The Australian Rural Industries Research and Development Corporation has published The New Rural Industries – A handbook for Farmers and Investors. Of interest to prospective yabbie farmers and aquaculturalists in general is the chapter on yabbie farming. The web page does not include some of the graphics but the full document is available as a .pdf. From the introduction:
Yabbies (Cherax albidus and Cherax destructor) are indigenous to central and eastern Australia and have received considerable aquacultural interest. Although some yabbies are produced from ponds on purpose-built farms, the vast majority of commercial yabbie production in Australia comes from trapping in farmers’ dams what are essentially wild yabbies. This use of existing farm dams originally built to water stock has enabled rapid expansion of the industry because of the low entry cost. The yabbie industry currently harvests around 4000 farm dams in Western Australia. The rapid growth experienced by the industry is expected to continue, with processors reporting an increase this year of up to 400% in the number of farmers harvesting yabbies.
Australian yabbies are in demand internationally due to their high quality, larger size than crayfish produced by overseas competitors, acceptance by European markets as a replacement for diminishing stocks of their own native crayfish, freedom from major diseases and ability to be landed live in the major international markets.
Research has been undertaken to develop better performing varieties – often unmanaged populations become stunted because of overpopulation. Quantum – ABC Television reported in 1999 about the development of cross-breeding yabbies to produce all male offspring.
Dr Ian W Purvis of the Australian Government’s Rural Industries Research and Development Corporation has published Breeding Bigger Yabbies – Developing a genetically improved yabby to facilitate farm enterprise diversification. From the summary:
Aims of the Research
The objective of the research was to establish the best wild strains for aquaculture by discovering the heritability of desired characteristics, such as fast growth and large meaty tails. These strains were then selectively bred to develop a strain of yabby better suited to aquaculture.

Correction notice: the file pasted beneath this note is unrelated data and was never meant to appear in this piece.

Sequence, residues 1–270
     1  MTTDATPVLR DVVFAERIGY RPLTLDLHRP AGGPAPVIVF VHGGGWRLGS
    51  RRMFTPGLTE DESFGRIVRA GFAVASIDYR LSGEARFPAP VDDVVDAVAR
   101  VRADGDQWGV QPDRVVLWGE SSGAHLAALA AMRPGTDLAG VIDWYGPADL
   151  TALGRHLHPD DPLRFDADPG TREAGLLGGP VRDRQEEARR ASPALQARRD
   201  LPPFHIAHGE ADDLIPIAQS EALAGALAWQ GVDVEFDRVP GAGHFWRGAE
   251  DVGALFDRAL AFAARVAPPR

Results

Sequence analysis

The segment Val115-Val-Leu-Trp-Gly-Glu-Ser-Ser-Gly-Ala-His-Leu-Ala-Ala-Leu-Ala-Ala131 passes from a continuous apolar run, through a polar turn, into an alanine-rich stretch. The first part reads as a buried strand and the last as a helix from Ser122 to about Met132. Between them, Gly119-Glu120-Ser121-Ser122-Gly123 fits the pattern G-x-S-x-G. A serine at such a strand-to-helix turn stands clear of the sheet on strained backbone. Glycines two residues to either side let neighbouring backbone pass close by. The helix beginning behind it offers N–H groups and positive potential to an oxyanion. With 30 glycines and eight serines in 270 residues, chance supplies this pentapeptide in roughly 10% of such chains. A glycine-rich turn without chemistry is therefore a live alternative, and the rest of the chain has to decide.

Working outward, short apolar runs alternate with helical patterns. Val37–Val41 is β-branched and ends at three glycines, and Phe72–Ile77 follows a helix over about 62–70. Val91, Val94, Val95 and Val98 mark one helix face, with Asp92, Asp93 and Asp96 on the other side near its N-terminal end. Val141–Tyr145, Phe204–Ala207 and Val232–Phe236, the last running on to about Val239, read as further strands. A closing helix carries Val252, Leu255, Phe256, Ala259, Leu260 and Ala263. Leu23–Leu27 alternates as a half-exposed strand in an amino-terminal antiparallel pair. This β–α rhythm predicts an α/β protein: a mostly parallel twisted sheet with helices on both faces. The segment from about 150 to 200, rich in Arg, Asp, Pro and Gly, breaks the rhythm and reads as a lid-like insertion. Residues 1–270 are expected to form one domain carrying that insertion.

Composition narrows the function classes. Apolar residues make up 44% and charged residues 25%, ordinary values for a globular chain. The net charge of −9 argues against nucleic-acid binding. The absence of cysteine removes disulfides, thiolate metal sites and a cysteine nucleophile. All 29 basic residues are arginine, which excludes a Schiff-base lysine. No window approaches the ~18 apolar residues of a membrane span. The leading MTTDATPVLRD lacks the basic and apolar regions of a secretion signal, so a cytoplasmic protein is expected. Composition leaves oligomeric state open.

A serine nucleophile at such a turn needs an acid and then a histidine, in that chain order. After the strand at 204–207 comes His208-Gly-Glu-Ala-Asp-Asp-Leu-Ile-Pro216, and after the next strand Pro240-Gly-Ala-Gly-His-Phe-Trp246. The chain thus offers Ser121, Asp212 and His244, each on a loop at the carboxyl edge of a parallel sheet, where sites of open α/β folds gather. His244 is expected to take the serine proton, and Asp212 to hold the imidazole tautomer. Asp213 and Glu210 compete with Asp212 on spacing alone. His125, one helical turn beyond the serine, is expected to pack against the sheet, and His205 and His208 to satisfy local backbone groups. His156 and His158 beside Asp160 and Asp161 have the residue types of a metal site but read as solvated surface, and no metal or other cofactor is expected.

Once such a yabby exists in an aquaculture environment, the yabby farmer can better control growth and quality of the livestock, important factors to maintaining a reliable and continuing market for this product.
Superior performing broodstock yabbies, from various geographic populations, identified by a strain comparison trial were combined to create a new “commercial” strain and subjected to four generations of within family selection. Faster growth was the primary selection goal. At the beginning of the trial the program was based on the evaluation of 100 full siblings from each of 30 families. Poor survival of three families reduced the total number in the program to 27. A control line consisting of randomly bred individuals from the 30 families was also maintained to allow assessments of genetic gain to be made through selective breeding.
Of the four generations of selection, significant differences in mean liveweight at harvest were observed between select and control lines. The difference represented an average response to selection in both sexes of 12% per generation and a realized heritability for liveweight of 30%.
These results demonstrate that response to selection for liveweight in the yabby, Cherax destructor, can be successfully achieved. By selecting within families, significant gains were achieved in generations F2 and F3 that averaged around 15%. Coupled with the initial gains achieved by selecting the F1 founder generation, the select animals in generation F3 grew at 60-70 % faster than the average of all strains taken from the wild to initiate this study.